Workplace Ergonomics

Our goal is to provide you with the necessary tools to perform your job safely and productively. Good ergonomics will provide you with a healthful and safe work environment and minimize the risk of associated occupational injury or illness.

If you would like to have an ergonomic evaluation of your workstation, please email the EHS Director with the following information: name, phone number, building, room number and a brief description of your concern.

  • What is ergonomics?

    Ergonomics is the science that deals with the relationship of the worker and his/her work environment. Good ergonomics is being able to adjust your chair, keyboard, monitor, etc. to get a neutral and relaxed position. Good ergonomics also includes work activities that are varied, with short breaks that prevent overstressing parts of your body. If your work involves frequent awkward positions (your body or limbs), if you are reaching excessively or if you are doing prolonged work on one type of activity, then you have poor ergonomics.

    When you are performing work follow these tips:

    • Adjust your equipment, i.e., chair, keyboard, and monitor, etc., to fit you. [Your equipment should adjust to you, not you to the equipment]
    • Maintain a neutral and relaxed position (including your hands, arms, legs, whole body).
    • Take frequent breaks. (stand up, stretch, massage your eyes for 5 seconds)
    • Avoid prolong work on a single activity by varying your work tasks to avoid stressing certain parts of your body.
  • What are the consequences of poor ergonomics?

    Poor ergonomics can result in occupational illnesses or injuries called musculoskeletal disorders or MSD’s. MSD’s include a range of disorders involving nerves, tendons, muscles, and bones. MSD’s cause pain, numbness, and tingling. They result in reduced productivity, lost time from work or temporary or permanent disability.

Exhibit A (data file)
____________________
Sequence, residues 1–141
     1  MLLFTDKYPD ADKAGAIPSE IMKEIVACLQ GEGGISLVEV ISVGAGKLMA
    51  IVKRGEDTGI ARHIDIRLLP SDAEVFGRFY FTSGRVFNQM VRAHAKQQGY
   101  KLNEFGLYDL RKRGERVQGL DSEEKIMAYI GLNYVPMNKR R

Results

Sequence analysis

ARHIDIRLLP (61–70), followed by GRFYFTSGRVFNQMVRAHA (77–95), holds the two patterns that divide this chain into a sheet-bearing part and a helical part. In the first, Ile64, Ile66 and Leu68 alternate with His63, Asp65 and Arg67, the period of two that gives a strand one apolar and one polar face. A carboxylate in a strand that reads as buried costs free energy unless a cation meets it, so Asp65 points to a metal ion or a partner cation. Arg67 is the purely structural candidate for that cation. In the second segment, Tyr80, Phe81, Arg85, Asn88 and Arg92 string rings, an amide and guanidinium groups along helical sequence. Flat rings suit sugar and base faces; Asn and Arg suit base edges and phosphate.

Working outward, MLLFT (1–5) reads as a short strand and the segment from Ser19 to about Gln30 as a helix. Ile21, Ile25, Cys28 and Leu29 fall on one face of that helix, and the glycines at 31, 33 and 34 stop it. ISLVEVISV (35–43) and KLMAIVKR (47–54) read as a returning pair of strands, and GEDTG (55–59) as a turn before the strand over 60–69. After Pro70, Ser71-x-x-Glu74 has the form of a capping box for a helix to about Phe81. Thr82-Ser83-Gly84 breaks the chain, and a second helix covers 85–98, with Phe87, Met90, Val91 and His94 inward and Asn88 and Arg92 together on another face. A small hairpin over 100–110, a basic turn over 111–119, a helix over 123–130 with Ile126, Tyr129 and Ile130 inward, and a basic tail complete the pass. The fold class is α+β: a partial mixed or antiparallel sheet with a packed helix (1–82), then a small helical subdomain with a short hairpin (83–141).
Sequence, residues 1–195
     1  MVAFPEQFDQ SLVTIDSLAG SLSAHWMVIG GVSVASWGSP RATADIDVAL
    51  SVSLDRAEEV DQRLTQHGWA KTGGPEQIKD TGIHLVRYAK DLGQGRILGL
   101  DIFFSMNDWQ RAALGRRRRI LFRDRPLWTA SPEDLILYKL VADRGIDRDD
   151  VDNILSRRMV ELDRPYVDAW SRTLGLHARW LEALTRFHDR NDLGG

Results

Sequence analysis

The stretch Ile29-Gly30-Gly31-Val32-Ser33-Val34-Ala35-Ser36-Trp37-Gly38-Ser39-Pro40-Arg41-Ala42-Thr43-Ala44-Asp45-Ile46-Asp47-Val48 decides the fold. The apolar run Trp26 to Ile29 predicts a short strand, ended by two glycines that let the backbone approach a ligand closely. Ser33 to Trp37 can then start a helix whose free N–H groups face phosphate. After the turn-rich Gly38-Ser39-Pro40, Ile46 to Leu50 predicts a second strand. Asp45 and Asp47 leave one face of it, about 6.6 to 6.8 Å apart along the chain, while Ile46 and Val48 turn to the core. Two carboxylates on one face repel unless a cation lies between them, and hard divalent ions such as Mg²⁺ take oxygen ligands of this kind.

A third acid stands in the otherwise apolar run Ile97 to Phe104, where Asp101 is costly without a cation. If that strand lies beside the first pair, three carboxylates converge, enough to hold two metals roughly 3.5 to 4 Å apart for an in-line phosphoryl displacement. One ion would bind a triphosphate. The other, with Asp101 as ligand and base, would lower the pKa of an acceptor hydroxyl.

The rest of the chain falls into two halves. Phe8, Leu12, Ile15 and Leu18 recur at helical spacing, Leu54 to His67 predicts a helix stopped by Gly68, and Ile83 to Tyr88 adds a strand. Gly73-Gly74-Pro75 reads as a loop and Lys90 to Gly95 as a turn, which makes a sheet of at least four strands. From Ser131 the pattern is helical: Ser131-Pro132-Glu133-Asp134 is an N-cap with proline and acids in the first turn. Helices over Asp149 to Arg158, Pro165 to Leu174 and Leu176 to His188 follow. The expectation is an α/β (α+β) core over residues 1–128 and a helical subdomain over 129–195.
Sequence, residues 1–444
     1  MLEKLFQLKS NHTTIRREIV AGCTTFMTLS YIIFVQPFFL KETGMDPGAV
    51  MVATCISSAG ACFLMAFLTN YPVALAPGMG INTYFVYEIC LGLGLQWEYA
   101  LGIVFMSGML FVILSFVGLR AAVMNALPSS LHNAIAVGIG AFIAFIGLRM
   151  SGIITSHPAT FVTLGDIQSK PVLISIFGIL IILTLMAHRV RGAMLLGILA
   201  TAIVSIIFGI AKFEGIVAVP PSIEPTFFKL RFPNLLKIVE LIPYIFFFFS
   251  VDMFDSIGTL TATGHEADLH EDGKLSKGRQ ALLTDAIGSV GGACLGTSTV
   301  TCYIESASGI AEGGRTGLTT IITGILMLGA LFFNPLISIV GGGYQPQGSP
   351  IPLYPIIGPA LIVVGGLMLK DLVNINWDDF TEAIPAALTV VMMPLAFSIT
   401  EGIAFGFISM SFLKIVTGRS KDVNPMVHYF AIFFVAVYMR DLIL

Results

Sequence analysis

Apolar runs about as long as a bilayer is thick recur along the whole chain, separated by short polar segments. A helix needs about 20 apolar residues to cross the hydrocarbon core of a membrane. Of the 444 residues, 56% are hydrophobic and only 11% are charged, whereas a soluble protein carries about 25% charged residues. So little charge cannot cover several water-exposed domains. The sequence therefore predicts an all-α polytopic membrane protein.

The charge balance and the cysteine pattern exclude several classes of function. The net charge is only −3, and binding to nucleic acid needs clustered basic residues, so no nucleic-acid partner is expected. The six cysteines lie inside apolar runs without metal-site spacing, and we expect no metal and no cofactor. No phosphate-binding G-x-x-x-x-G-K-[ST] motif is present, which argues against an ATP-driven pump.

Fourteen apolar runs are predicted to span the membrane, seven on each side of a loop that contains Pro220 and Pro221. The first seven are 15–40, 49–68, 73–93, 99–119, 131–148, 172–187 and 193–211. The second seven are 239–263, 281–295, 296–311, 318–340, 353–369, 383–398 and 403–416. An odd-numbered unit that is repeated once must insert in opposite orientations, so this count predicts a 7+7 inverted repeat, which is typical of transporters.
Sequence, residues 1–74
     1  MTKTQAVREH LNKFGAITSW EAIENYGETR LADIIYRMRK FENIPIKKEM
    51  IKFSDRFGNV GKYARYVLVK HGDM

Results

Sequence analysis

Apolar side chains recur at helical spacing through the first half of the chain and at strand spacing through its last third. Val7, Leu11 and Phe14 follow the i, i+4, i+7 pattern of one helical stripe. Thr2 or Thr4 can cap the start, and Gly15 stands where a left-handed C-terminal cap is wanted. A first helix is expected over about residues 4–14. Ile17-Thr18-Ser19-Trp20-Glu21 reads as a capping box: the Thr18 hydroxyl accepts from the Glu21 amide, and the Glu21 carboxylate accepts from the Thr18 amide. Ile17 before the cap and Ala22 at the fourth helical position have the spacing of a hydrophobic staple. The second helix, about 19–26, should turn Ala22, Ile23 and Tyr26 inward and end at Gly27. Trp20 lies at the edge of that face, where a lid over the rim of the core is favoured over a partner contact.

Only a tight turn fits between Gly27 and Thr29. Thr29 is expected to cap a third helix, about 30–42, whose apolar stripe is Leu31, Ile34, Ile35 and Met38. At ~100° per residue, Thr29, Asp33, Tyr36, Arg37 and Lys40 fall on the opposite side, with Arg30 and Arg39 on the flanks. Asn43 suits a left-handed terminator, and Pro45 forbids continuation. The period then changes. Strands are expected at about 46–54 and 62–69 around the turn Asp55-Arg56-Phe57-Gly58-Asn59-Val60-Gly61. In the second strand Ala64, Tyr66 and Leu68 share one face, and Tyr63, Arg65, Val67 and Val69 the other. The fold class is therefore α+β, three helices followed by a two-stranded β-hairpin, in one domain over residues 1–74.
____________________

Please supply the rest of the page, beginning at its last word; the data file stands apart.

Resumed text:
• What should I do if my work is causing pain or discomfort?

    If you believe that your work is causing you pain or other medical problems, you should seek medical treatment through the DU Workers' Compensation Program. The Loss Control Manager can be contacted at extension 17501.

    You should also get an individual workstation evaluation to see if your workstation can be improved by identifying and reducing any ergonomic risks. Please contact the Environmental Health & Safety Director, at extension 17501, to set up an appointment for an evaluation. Please provide the following information: name, phone number, building, room number and a brief description of your concern.

  • How can I evaluate my own workstation for ergonomics?

    Try evaluating your own workstation. Print out the Ergonomic questionnaire to perform a self-assessment. We recommend that you also check the Occupational Safety & Health Administration, OSHA web site on Computer Workstations. It provides excellent tips on how to achieve sound ergonomics, including good working positions and how your workstation should be set up. If you have any ergonomic questions or concerns after taking the self-assessment or reviewing the OSHA website, feel free to contact the Environmental Health & Safety (EHS) Director, at 303-871-7501.

    The Risk Management Department can also provide classroom training on ergonomics and safe lifting. We ask for an audience of at least 5 people. Contact the Environmental Health & Safety (EHS) Director, at 303-871-7501, to request training.